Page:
I have type 2 and take 1--1000MG tablet daily
Once had some kind of reaction. It seemed I was debating deep in my mind unaware of anything or anybody. The person i was talking to got angry, I don't know why. Help.
No name given, I would see your doctor as soon as possible. Over medicating is a concern and so is the hair loss.
I am a fairly new type 3 diabetic. I must admit that I have not had much education on diabetes but have been having issues that I am researching. I can always tell when my sugar gets too low because I get light headed and sick to my stomach fairly guickly. Recently I experience a real low while sitting in christmas traffic and woke 3 times at the same stop light. Luckly I had eaten a breath ment or two but not soon enough. I made it to the parking lot whereby I woke up in my care a little bit later( approx 25 min). I have had two more similar situations, one being tonight where I didn't get the sick feeling first just felt my brain stop for a few seconds. I guickly took my sugar 113 and within a few minutes it was in the lower 70's. I got out the warning but was gone by the time my husband showed up with help. So..because I have not had blood sugar over 141, even after a meal sense I started my pills, I am now concerned that I am on too much medicine and it is knocking me out from my second dose in the evening. Also I am experiencing a tremendous amount of hair loss. and I mean alot alot. In the last 3-4 months I have probably lost half my hair, but I have (had) thick thick hair prior. Now I am worried becasue it is not slowing down. Suggestions? I started omega' 3 fishoil and sea kelp to help slow it down but my understanding is it will take a few months to turn the hair loss around. Also my insurance company will not cover diabetic classes..where do I go now?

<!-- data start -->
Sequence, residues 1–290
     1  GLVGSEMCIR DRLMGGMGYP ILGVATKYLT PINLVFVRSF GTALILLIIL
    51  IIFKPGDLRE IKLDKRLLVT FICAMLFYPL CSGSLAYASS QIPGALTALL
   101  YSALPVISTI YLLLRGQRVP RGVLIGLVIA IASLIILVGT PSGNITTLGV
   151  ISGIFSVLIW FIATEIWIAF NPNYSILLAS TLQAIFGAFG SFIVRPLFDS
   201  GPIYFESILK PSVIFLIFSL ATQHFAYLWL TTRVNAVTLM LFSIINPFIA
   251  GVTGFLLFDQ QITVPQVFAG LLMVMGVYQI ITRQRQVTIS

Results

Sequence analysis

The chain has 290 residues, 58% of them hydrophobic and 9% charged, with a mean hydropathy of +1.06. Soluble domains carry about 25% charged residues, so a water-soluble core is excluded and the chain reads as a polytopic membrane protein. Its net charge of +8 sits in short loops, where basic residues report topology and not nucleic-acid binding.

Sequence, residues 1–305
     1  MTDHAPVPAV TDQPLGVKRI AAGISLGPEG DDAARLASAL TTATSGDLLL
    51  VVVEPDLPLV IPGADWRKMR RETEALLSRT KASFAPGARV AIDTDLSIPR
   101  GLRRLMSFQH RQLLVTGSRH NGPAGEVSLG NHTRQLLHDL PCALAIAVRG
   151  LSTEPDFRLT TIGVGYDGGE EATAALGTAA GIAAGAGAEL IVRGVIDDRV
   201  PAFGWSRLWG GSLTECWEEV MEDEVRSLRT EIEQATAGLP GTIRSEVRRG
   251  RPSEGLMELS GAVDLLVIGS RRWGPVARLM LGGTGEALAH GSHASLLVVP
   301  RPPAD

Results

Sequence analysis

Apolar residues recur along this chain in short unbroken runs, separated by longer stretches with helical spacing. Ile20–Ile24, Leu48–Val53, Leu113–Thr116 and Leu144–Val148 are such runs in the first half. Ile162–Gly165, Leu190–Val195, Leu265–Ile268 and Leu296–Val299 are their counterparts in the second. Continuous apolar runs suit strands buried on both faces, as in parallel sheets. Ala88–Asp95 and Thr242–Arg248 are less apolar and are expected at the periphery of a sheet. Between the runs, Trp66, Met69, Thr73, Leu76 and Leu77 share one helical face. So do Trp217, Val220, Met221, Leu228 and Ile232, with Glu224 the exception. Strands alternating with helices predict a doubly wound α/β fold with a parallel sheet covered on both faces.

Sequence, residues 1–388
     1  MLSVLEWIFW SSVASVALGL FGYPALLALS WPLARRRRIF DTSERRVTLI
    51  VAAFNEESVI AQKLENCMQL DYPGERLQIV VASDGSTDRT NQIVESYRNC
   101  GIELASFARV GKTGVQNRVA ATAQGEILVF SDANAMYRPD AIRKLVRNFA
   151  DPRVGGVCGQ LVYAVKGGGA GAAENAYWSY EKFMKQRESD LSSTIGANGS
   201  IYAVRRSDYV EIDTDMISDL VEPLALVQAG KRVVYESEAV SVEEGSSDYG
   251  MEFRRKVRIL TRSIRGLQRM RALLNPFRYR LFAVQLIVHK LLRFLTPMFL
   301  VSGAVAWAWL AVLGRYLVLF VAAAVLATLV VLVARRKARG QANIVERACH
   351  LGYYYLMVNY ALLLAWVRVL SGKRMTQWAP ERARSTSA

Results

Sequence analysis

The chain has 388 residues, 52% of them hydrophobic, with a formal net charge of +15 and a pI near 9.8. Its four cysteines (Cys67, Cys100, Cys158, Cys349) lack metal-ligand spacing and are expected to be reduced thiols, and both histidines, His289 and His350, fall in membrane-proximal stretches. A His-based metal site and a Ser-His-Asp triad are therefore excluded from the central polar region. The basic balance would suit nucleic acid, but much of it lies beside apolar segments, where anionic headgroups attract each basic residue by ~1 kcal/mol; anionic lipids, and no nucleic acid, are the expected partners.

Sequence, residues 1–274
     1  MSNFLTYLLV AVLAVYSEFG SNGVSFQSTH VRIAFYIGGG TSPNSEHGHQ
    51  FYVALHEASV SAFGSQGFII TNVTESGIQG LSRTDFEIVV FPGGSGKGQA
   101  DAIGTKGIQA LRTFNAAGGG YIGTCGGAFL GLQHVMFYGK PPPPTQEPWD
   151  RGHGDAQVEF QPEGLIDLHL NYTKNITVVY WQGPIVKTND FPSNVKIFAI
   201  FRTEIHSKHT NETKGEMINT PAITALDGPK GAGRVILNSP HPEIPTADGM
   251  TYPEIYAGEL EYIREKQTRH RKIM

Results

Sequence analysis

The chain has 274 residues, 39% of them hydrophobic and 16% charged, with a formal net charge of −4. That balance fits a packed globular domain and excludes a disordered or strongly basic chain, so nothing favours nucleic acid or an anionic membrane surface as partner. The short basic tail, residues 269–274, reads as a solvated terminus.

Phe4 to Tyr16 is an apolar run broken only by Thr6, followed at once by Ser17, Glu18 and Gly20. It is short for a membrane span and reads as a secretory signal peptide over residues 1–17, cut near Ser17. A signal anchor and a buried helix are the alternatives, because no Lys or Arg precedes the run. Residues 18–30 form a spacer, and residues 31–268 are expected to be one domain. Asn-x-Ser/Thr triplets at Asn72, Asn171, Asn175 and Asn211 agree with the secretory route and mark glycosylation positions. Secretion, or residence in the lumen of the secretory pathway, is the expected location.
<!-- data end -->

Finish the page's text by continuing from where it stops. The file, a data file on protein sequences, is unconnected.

My father has type 2 diabetes and my mother and I are still learning how to take care of him. He also has other health issuse such as severe nerve damage, and cronic pain syndrome. I was told these also could affect his sugar level, but I also learned he was not checking his count every day. I need more information on how to help my parents. Diet, counting intake and so forth would be helpful. He runs a low blood level from what I saw, it was 66 last night.
I have someone that stays with me. It seems like to me at least twice a week, at night (or early in the morning) his insulin starts dropping & I nearly start going into a panic attack because I don't want anything to happen to him. Sometimes it scares me & I get all shook up but hold everything inside because I don't want to upset him. I don't want to feel like I a "nagging lady" so I don't ask many questions. I try to find out the answers on my own. I do know though that considering circumstances, I do have panic attack pills handy, just in case. I need someone to PLEASE let me know what happens when someones insulin drops & they have to have something sweet to get it back up. I'm afraid to ask the man that lives with me because like I say "I don't want to nag." I'm not that type so I'm trying to find out through you all. Please let me know what causes someones insulin to drop. To me "It's scary". The man I have living with me has Type 2 diabetes. Can someone if not more than one person give me a lesson on this to help me calm down a little bit more. Around the same time every night, I start getting nervous inside but keep it to myself. I would appreciate it if someone would give me some history on this. Again, he has Type 2 diabetes.
My little granddaughter who was diagnosed with Type 1 before she was 2 years old. She just turned 9 & I'm happy to say that she has not been hospitalized for Diabetes. We have found that a bedtime snack of 2/3 Cup of milk along with 1 TBSP Peanut Butter keep her from serious lows during the night. Her parents & anyone caring for her keep juice boxes close by. They don't need refrigeration & don't take a lot of room. Plus, she likes them. When she was a baby, lows became a big problem. It is hard to get a 2year old to eat or drink anything if they don't want to do this.
I have problems with extreme lows during the night. I wake up fighting nothing, with slurred speach, drenched in sweat and not able to stand or walk. I one time thought I was okay and fell straight back, cracking ribs. I was beginning to be afraid to go to sleep. My solution: Have a snack with protien before bed, I got a service dog who wakes me if he senses my blood sugars are going to low, and I keep a box of sugar cubes in my night stand. Not perfect solutions, but I am no longer afraid to sleep.
.I recently had a close call. I mistakenly took 62 units of Novolog (fast acting) rather than Lantus my night insulin. The results were my wife finding me in a comma. She called 911 with paramedics getting a 23 glucose reading. I now have a day kit for my Novolag and a separate kit for my night Lantus insulin.